New Bedford teen killed by police after allegedly stabbing officer with hunting knife; youth’s father had also been killed by police
NEW BEDFORD — New Bedford police shot and killed a 15-year-old boy Thursday night after he repeatedly stabbed a member of the department’s gang unit with a hunting knife equipped with a gut hook, officials said.
The attack could have killed Officer Tyson Barnes, who is listed in stable condition at Rhode Island Hospital today, Mayor Jon Mitchell said at a press conference.
“Within an inch one way or another, he may not have been with us,’’ Mitchell said. “For some reason, the youth was carrying a hunting knife with a gutting hook and he saw fit to use it on a police officer. ... This is, by any definition, a tragedy for the city and highlights the dangers of police work.’’
Gracia was the son of Joseph M. Ramos Jr., who was shot to death by Dartmouth police on Aug. 11, 2009, according to Boston attorney Jeffrey Denner, co-counsel for Ramos’s family, which is suing the town and officers involved.
Denner said Ramos’s paternity of Gracia was never legally established, but he said that since Ramos’s death, one of Ramos’s siblings has been adamant that Gracia receive a portion of any recovery the family makes in its lawsuit.
Today, two friends of Gracia’s said the teenager never knew that Ramos was his father until after Ramos had been shot to death by police, a shooting that Bristol District Attorney C. Samuel Sutter concluded in March 2010 was a justified police use of deadly force.
Today, Sutter described the fatal encounter between Gracia and Barnes that played out in the Temple Landing housing development.
According to Sutter, Barnes and other members of the department's gang unit were at the development around 8:40 p.m. Thursday when they approached Gracia and another person.
Without provocation, Sutter said, Gracia pulled out the knife and repeatedly stabbed Barnes. Sutter said that other officers repeatedly ordered Gracia to stop stabbing Barnes and to get on the ground, commands the teen refused to follow.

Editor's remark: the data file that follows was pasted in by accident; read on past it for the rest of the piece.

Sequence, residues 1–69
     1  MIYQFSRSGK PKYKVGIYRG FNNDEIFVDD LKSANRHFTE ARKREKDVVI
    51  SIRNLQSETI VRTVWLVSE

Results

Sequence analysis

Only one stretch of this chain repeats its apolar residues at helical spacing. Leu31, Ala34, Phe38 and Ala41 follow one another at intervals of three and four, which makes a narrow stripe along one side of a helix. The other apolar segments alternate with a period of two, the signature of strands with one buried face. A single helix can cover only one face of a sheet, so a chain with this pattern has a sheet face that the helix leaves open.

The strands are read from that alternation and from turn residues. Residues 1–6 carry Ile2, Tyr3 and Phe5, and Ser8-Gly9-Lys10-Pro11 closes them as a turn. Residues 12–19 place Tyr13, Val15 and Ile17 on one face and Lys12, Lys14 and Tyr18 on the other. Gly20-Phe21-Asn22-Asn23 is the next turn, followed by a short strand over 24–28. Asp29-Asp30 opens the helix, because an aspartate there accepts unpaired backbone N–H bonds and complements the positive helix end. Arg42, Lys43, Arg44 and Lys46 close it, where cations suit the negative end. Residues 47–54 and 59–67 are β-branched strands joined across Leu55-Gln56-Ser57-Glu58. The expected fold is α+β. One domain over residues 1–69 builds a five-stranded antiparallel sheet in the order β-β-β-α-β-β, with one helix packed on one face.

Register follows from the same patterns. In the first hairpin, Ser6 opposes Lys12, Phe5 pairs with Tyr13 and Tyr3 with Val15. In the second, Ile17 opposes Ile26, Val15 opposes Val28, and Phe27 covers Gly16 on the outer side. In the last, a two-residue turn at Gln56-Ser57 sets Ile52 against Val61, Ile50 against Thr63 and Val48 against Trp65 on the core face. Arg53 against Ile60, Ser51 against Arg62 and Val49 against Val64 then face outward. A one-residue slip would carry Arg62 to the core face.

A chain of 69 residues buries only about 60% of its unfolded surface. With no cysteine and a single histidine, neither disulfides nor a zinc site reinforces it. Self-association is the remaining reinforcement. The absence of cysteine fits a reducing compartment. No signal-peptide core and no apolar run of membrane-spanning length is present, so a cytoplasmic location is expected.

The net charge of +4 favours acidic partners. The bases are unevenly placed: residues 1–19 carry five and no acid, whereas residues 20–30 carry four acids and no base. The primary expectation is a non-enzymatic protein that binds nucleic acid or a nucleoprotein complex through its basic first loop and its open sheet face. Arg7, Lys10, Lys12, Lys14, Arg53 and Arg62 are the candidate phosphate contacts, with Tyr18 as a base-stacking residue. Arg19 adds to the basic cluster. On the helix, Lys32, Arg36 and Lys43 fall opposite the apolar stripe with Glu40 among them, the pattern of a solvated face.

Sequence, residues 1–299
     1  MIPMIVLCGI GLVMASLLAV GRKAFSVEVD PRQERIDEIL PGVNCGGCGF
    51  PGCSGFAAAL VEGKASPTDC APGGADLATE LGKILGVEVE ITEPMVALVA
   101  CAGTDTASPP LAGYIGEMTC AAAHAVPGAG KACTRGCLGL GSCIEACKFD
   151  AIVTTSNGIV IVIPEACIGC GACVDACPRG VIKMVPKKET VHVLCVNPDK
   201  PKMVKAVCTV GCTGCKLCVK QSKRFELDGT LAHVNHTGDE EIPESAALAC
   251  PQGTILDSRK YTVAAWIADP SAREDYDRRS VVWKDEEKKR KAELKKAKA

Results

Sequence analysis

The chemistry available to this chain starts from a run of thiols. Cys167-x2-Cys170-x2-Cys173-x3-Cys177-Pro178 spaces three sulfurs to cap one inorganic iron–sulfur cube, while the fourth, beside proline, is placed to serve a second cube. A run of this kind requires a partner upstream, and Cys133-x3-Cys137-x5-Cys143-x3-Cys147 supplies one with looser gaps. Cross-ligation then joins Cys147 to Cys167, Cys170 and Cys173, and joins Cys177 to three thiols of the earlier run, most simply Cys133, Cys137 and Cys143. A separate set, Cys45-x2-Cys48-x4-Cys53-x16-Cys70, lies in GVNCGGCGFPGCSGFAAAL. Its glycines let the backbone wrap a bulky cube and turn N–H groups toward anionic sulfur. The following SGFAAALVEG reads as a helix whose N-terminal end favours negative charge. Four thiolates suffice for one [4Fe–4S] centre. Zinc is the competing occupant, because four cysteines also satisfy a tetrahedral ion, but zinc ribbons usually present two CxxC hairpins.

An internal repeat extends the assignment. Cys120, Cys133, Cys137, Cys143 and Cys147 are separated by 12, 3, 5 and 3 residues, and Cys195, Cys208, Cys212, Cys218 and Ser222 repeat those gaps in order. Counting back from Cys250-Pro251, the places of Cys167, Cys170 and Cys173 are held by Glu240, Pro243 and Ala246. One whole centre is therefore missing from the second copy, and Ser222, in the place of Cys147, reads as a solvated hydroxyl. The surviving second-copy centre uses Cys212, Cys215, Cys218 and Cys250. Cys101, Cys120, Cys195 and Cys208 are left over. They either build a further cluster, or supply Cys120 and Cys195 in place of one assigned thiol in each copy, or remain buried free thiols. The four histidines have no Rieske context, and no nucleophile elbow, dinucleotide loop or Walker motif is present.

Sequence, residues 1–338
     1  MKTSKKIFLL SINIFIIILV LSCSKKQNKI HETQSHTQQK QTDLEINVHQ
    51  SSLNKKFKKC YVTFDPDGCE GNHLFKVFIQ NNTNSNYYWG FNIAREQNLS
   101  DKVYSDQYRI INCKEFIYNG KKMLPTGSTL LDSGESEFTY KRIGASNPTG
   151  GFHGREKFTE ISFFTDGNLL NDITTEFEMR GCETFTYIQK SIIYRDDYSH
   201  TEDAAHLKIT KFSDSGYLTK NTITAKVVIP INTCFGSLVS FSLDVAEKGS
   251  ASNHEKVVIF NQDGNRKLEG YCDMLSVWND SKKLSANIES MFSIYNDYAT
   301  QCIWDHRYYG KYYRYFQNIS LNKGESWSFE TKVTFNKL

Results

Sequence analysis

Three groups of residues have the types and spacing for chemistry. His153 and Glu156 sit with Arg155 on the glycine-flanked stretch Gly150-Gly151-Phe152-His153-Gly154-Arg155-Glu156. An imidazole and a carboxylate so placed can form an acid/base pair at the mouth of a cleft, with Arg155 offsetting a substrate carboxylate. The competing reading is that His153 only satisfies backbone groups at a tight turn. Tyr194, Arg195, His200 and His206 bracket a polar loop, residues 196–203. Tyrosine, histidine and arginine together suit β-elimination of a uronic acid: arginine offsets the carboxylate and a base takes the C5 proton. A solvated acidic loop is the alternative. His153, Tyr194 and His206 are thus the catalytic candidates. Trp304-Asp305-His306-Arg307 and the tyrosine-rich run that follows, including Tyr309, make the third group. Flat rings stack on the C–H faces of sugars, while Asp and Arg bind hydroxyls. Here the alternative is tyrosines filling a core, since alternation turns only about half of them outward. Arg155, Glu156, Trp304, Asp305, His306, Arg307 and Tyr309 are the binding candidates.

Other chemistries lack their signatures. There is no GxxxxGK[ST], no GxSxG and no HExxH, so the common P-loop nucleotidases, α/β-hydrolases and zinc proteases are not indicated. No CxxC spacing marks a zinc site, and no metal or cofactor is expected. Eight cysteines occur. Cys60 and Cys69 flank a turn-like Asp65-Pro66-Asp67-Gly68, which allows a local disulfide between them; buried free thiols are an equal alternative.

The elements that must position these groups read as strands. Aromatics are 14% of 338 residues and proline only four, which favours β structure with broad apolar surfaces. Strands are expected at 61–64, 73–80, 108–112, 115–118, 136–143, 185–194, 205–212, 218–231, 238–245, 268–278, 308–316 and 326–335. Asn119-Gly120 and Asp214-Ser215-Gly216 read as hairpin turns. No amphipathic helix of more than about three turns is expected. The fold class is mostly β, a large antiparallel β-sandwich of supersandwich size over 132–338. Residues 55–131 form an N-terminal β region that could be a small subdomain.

Sutter said that the teen kept the knife in his hand. “While still armed, he began to move toward the other officers and after repeated instructions to stop, officers fired several shots at him,’’ Sutter said.
Gracia was pronounced dead at St. Luke’s Hospital here at 9:40 p.m.
Sutter, whose office is investigating the use of deadly force, refused to say if Barnes was wearing a bulletproof vest or specify where on his body the police officer was stabbed.
Gracia had attended the Whaling City Alternative School, where Nicholas Baptist taught him 7th-grade social studies last year.
Baptist, 31, said today that he and Gracia talked about the origins of Gracia’s behavioral issues, and that Gracia told him it was the sudden loss of his father in the police-involved incident.
“He was a very smart young man but had some problems in the school system,” said Baptist. “There were a few things he had problems with in the past. ... I just knew that his father had passed in some sort of altercation with police. He talked about that with me, and it was known to the staff at the school.”
Sutter refused to talk about the death of Gracia’s father.
In Temple Landing - a housing development that has undergone an $11 million transformation from a chronic source of crime and substandard housing into an attractive apartment complex - some residents talked about witnessing chaotic moments Thursday night.
Neighbors said they heard four to eight shots and then saw the officer lying on the ground as Gracia grabbed his chest and then collapsed onto the ground. The officer writhed in pain, but Gracia, they said, did not move seconds after he fell down. The two lay about 30 feet apart, witnesses said.
None of those interviewed witnessed the confrontation that led to the fatal incident, but one woman said she looked out her window and saw Gracia run by, followed by several police officers. Moments later, gunshots rang out.
Witnesses said police provided emergency medical aid to both Gracia and the officer until paramedics arrived on the scene.
Baptist, the teacher, said Gracia was an intelligent teen.
“He was a very thoughtful young man and very smart. We used to write songs together, about changing the world in a positive way,’’ Baptist said. “He just had a little bit of confusion that if he had a chance to work through, he would have been a very positive part of the culture in New Bedford. He was a kid that was looking for something, but for whatever reason, he never found it.”John R. Ellement can be reached at firstname.lastname@example.org.